The American Association for Homecare released the eighth in a series of “Mobility Matters” bulletins focused on the threats to power mobility. The article states:
“Clearly Congress did not consider the economic consequences of putting additional financial stress on these homecare businesses at a time when banks and other lenders have a tight rein on credit. The problem for these businesses is that many providers cannot secure the capital or credit necessary to cover the overhead and upfront costs of acquiring power wheelchairs while waiting 13 months for full payment. In fact, most banks cite the unpredictability of the Medicare program and the risk associated with the 13-month billing period as reasons for not backing the providers. In addition, Medicare receivables cannot be assigned to securitize lines of credit.
So in short, the government is telling providers to find upfront cash to pay for power wheelchairs, deliver those chairs to Medicare patients, and then wait to be reimbursed over a 13-month rental period. This would force the homecare providers to do what the nation’s banks are refusing to do – provide the credit for Medicare patients to receive power mobility. This scenario is totally unreasonable in the current economic climate.”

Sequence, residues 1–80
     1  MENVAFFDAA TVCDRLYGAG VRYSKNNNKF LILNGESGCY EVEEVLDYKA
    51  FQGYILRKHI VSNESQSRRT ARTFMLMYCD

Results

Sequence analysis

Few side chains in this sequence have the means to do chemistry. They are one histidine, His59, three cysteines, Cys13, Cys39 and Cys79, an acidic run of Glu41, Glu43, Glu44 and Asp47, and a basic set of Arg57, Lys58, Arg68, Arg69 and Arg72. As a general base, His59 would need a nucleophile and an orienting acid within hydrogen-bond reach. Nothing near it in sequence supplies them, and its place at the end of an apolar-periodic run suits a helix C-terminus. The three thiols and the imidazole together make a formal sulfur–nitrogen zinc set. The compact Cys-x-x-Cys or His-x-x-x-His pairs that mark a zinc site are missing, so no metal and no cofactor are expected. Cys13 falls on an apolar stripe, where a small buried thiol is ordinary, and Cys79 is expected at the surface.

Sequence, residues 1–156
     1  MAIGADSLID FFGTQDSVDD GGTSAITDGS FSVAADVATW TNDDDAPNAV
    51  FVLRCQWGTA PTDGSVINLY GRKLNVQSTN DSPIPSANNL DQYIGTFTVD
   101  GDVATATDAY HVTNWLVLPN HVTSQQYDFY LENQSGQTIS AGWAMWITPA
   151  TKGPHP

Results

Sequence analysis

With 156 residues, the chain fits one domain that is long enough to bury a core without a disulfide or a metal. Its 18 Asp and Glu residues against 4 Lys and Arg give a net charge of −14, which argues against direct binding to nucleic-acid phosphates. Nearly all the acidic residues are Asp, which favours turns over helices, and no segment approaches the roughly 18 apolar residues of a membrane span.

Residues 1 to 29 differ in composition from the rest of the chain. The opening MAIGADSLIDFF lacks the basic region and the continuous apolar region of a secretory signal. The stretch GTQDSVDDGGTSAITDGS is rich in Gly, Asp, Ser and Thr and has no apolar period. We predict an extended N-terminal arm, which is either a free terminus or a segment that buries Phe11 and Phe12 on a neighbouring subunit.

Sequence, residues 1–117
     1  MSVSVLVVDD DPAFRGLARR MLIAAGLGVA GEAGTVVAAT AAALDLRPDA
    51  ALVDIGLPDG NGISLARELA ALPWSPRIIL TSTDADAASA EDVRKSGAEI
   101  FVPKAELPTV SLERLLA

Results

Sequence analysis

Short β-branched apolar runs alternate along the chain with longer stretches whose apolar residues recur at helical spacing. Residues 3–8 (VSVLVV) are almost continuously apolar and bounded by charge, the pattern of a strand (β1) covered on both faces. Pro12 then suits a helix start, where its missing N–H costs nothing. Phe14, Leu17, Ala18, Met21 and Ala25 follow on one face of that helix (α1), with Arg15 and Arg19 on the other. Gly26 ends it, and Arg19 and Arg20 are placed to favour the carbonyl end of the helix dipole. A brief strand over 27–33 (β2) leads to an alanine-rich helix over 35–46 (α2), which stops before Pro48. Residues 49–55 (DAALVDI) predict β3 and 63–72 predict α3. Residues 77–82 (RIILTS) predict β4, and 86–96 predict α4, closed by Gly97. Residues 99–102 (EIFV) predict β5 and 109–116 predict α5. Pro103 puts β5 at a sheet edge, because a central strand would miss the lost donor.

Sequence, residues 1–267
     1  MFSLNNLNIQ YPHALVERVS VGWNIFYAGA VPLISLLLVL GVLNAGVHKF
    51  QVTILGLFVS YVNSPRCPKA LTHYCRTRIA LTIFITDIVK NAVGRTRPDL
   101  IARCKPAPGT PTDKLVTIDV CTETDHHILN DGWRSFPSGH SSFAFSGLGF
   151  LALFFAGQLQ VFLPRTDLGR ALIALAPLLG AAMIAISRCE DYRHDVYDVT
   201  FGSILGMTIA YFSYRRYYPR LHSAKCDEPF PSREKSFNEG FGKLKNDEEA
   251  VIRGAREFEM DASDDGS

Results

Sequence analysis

Tyler Wilson, president of AAHomecare, commented, “Congress and CMS should heed these warnings from the homecare community and advocates for people living with disabilities. Medicare beneficiaries are about to become victims of very bad public policy. Lawmakers should not be adding to the burdens of some of the most vulnerable people in our society. Taking away access to mobility is wrong. And this can be averted by Congress acting to delay implementation of this policy.”
Click here to read the full Mobility Matters article.